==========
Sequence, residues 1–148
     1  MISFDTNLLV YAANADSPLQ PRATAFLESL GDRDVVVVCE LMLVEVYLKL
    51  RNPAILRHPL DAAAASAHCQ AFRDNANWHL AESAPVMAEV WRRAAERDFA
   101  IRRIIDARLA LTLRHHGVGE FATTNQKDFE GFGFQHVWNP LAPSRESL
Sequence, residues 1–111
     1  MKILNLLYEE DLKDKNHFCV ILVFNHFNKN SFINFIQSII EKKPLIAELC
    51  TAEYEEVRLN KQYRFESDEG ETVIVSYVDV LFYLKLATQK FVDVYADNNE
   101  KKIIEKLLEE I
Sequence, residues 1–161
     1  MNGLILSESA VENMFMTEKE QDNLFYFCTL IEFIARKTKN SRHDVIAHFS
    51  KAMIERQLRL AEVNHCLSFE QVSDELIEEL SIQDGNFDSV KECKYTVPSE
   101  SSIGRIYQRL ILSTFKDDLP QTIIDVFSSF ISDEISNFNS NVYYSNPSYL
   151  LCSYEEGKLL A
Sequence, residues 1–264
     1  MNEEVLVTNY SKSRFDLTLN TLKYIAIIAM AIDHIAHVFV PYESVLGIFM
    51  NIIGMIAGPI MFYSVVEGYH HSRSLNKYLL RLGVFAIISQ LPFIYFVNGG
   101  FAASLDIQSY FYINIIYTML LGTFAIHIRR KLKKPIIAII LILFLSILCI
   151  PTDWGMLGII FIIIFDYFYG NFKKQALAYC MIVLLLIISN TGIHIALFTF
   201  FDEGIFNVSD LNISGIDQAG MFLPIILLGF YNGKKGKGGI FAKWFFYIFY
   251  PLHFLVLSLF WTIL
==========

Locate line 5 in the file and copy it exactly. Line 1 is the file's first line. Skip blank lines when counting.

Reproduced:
Sequence, residues 1–111